The new release of PHP 7.2.0 includes lots of great additions. It offers more features, new improvements, and better functionality. It enables the user to write better code and to use several interesting language features like never before. In this post, we will look at the newest aspects introduced in the latest iteration of PHP.
The update offers plenty of new improvements. It comes with many features that ensure better coding. The new features in PHP 7.2.0 include:
- Object typing hint
- Counting of various non-countable objects
- Conversion of numeric keys in array casts/object
- Mcrypt extension removed
- Argon2 in password hash
- HashContext as object
- Better TLS constants to various sane values
- New sodium extension
As we know, web developers generally either love or hate using PHP language. Anyone who truly enjoys using PHP will definitely love this new coding solution.
If you are a web developer who likes to work with PHP, then read on as we discuss the most important new features of the PHP 7.2.0 update.
Core Improvements in PHP 7.2.0
Here are some of the core improvements in the latest update of PHP.
The Solution for Trait Properties Bug
Until the release of PHP 7.2.0, there was an unfixed trait property bug. In the latest update, if a trait defines a property, a class cannot define a property having the same name unless it is more compatible (same initial value and visibility). Otherwise, it issues a fatal error.
So unlike PHP 7 and PHP 7.1, we can now expect to receive a fatal error. This behavior has been fixed in the recent update of PHP, and it is now working like it says it should in the PHP documentation. Now you can do a strict comparison. As you run the script in PHP 7.2, you will be notified of a fatal error.
Return Type Declaration
The recent update of PHP 7 adds further support for return type declarations. Just like argument type declarations, this declaration type also states the type of the value that is likely to return from a function. For return type declaration, the same types are offered as they are for the argument type declarations.
In PHP 7.2.0, a user is enabled to use the return type declaration in terms of object data type.
Moreover, strict typing also poses an impact on the return type declarations. Considering the default weak mode, all the returned values are coerced to the accurate type (in the case they are different and not already of that type). However, in strong mode, all the returned values must be of the accurate/correct type. Otherwise, a TypeError is received.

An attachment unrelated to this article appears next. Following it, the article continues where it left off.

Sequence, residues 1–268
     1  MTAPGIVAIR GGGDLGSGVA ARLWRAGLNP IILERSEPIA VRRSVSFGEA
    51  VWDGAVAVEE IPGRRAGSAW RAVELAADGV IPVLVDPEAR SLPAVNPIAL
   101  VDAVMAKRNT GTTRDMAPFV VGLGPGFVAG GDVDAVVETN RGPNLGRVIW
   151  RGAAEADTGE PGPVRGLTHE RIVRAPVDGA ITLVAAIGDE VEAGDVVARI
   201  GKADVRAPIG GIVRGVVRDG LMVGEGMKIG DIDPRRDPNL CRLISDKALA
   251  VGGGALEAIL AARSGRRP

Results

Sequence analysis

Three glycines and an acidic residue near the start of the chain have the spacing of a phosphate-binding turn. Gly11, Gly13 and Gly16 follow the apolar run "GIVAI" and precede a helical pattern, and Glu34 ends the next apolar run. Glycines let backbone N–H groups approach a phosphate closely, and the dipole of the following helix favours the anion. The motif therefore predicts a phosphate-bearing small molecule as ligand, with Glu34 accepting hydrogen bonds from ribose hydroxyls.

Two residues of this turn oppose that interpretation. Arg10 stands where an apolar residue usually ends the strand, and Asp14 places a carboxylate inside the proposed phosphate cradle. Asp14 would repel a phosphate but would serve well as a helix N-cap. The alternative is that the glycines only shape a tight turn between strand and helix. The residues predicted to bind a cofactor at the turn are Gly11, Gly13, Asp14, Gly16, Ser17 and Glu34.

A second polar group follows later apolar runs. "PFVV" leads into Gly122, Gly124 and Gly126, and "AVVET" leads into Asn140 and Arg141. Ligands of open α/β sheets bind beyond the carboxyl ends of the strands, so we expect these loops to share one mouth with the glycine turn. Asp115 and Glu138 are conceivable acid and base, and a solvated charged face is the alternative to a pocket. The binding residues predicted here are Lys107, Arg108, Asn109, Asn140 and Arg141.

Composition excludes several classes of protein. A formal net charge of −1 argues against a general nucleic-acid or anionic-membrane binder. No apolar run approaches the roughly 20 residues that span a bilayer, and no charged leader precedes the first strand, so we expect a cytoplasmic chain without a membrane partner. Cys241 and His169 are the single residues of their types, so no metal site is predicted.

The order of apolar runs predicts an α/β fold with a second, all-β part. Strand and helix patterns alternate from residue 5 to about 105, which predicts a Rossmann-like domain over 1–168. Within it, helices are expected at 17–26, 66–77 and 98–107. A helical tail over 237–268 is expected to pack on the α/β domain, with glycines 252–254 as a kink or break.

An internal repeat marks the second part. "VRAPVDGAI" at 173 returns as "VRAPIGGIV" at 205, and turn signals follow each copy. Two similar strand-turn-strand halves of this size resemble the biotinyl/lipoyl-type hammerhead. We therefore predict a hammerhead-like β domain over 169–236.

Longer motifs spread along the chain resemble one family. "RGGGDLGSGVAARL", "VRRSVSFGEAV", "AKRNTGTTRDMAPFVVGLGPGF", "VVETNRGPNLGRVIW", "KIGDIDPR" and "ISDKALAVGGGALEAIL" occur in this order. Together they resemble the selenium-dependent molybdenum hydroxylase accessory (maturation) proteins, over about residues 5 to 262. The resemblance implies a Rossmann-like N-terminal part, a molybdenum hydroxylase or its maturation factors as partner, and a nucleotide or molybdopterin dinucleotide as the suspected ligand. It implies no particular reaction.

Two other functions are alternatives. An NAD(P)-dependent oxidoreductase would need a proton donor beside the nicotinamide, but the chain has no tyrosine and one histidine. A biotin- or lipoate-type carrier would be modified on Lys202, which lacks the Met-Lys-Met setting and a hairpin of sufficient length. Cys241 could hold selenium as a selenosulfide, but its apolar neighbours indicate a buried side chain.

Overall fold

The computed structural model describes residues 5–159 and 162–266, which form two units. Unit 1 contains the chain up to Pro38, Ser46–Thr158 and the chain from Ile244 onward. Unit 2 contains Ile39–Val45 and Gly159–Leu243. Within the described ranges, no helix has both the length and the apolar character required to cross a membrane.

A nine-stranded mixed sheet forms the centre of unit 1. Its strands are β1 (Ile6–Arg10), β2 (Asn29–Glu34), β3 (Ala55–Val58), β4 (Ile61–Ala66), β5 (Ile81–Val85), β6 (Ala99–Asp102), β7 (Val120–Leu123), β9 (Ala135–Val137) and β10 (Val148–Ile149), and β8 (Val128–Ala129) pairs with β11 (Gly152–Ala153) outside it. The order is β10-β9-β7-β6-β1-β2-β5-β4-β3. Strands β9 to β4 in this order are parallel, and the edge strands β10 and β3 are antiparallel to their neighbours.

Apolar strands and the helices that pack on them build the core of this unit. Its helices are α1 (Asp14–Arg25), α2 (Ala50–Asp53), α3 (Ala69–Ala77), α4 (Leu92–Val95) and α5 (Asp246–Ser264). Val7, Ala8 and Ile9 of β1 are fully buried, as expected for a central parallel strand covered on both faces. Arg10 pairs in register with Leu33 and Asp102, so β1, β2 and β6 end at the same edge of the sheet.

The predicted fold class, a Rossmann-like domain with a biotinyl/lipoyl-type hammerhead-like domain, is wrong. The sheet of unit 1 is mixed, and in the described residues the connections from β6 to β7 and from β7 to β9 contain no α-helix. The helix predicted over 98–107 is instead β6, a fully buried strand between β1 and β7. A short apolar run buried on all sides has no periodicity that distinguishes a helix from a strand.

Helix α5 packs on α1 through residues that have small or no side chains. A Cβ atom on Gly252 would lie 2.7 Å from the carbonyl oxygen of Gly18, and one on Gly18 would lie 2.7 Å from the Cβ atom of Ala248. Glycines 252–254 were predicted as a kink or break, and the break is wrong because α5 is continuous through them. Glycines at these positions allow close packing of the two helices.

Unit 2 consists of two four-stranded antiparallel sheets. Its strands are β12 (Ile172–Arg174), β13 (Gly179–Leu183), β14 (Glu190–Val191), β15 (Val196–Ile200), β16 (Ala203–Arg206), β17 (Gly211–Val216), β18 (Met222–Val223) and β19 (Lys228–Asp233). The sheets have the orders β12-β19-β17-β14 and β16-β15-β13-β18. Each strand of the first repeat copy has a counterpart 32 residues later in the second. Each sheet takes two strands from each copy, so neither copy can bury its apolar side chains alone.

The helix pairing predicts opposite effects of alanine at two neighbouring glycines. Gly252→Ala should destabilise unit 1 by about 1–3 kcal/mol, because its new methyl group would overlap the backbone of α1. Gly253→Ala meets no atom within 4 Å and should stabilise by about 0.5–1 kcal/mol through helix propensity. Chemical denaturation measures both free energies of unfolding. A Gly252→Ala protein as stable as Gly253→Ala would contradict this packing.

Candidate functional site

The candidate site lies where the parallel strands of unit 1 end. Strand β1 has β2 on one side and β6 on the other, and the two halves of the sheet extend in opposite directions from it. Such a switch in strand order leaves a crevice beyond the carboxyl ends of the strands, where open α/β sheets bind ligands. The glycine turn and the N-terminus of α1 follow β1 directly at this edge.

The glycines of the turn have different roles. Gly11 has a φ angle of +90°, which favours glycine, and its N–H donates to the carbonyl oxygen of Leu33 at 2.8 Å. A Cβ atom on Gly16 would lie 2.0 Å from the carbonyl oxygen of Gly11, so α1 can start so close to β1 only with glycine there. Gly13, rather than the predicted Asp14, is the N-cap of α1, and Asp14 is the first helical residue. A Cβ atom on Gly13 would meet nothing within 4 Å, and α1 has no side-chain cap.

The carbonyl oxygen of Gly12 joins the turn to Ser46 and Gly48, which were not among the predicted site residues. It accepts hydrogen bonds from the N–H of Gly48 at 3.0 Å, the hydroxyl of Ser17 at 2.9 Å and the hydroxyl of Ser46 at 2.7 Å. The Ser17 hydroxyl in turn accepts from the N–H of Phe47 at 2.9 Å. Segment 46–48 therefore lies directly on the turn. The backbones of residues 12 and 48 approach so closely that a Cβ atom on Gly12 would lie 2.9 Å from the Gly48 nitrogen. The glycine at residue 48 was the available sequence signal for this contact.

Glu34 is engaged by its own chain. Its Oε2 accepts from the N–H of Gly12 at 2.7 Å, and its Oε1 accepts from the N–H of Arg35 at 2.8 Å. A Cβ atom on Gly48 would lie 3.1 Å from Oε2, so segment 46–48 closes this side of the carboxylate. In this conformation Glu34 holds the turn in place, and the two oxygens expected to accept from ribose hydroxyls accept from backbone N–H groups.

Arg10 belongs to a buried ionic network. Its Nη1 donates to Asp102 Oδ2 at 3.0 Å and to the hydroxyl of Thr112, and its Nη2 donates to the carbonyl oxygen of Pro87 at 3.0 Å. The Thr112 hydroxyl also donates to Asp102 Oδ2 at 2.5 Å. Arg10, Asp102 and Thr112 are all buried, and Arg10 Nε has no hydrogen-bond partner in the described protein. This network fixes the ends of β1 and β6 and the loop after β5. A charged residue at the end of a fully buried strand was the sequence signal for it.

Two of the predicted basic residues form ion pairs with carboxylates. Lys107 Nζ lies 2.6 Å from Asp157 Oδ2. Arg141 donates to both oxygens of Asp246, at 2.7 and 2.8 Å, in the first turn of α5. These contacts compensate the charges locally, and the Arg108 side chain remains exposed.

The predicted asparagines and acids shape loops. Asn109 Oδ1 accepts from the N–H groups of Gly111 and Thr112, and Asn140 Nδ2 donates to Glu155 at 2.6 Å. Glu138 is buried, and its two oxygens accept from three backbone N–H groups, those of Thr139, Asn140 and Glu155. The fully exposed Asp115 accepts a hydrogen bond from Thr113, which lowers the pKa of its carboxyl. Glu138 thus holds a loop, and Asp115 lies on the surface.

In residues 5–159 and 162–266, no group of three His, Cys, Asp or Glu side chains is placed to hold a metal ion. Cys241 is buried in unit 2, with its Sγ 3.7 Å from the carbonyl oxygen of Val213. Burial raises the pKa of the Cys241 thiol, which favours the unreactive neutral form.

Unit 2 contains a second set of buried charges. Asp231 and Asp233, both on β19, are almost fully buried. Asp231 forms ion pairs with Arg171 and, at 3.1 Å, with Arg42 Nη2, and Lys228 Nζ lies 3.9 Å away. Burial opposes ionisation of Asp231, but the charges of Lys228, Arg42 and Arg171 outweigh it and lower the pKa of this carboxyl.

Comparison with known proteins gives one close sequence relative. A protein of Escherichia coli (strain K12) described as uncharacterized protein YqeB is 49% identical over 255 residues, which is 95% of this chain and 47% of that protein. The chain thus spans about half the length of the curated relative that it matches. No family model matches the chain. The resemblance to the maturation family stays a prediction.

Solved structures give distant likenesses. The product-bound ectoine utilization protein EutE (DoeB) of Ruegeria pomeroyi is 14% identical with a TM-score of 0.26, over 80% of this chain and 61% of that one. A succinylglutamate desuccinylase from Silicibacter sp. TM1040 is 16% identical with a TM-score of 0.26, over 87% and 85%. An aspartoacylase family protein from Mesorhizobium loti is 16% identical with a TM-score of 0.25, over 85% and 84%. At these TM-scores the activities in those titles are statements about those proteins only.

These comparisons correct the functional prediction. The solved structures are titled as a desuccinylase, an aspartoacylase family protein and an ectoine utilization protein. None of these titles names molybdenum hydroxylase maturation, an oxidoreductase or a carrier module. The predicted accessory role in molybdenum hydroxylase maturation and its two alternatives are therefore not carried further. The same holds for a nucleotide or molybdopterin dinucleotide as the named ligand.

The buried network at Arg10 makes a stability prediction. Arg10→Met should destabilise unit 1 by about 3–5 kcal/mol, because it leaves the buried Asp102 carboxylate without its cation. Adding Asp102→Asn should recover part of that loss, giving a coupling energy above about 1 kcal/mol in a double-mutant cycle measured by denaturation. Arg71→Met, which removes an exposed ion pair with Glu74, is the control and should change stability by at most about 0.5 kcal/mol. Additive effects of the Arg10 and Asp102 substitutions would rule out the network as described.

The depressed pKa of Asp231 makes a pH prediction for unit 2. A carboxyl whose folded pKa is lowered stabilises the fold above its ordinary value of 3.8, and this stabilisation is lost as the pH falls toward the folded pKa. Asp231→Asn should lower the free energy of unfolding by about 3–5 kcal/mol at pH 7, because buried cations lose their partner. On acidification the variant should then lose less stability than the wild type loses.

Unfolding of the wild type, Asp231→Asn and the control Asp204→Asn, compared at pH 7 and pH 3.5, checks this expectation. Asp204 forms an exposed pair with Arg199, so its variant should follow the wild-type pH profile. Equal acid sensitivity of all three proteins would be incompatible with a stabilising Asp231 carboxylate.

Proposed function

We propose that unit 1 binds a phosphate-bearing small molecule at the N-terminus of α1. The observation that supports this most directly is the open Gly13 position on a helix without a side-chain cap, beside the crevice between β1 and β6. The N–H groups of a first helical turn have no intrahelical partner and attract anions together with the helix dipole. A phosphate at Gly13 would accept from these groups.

However, a child method should match the return type declaration with that of the parent method when you override a parent method. But if a return type is not defined by the parent method, then a child method may define it.
Generator Return Expressions
This feature of PHP is built upon a functionality released in PHP 5.5 called generator functionality. It allows for a return statement to be utilized in the generator and to allow the final expression to get returned. However, return by reference is restricted. The value can be obtained by using a new Generator “getReturn()” method that is only used when the generator is done yielding values.
Nevertheless, the ability to clearly return a final value using a generator is definitely a handy ability to possess. This is because it allows for a final value to fully return, by a generator, which can be particularly handled by a client code carrying out the generator. In comparison, this is a lot simpler than forcing a client code to first check if the final value is yielded or not and then handle the value particularly.
Session_start() now recognizes plenty of options which override the various session configuration directives set in php.ini.
These options have also been expanded to facilitate session.lazy_write, which remains on by default and makes PHP overwrite any session file with the change of session data only and read_and_close. This is an option which is only passable to session_start() to confirm that the session data must be read and then the session must be immediately closed while staying unchanged.
Security Improvements in PHP 7.2.0
Here are the recent security improvements implemented in PHP 7.2.0.
Argon 2 Algorithm in Password Hash
Argon 2, the winner of the Password Hashing Competition in 2005, is a strong hashing algorithm. Argon2 is in the midst of being recognized as the universal internet standard. Currently, the algorithm is considered to be more cost-effective and secure than Bcrypt, another hashing algorithm. The newly incorporated Argon2 can be used via the function – password_hash().
While Bcrypt takes into account only one cost factor, the new Argon2 takes into account the following three cost factors-
- A time cost- defines the iterations’ numbers of the hashing algorithm
- A memory cost- defines the KiB numbers that must be used during hashing.
- A parallelism factor- sets the number of parallel threads that will be consumed during hashing.
The default cost factors are defined by the three new constants as follows:
Lib-sodium Replaces Mcyrpt
Mcrypt was considered to be abandonware and a restriction to language growth. That is why it has been replaced with Libsodium in PHP 7.2.0. Libsodium is an advanced cryptography library which provides authentic encryption along with efficient elliptic curve cryptography.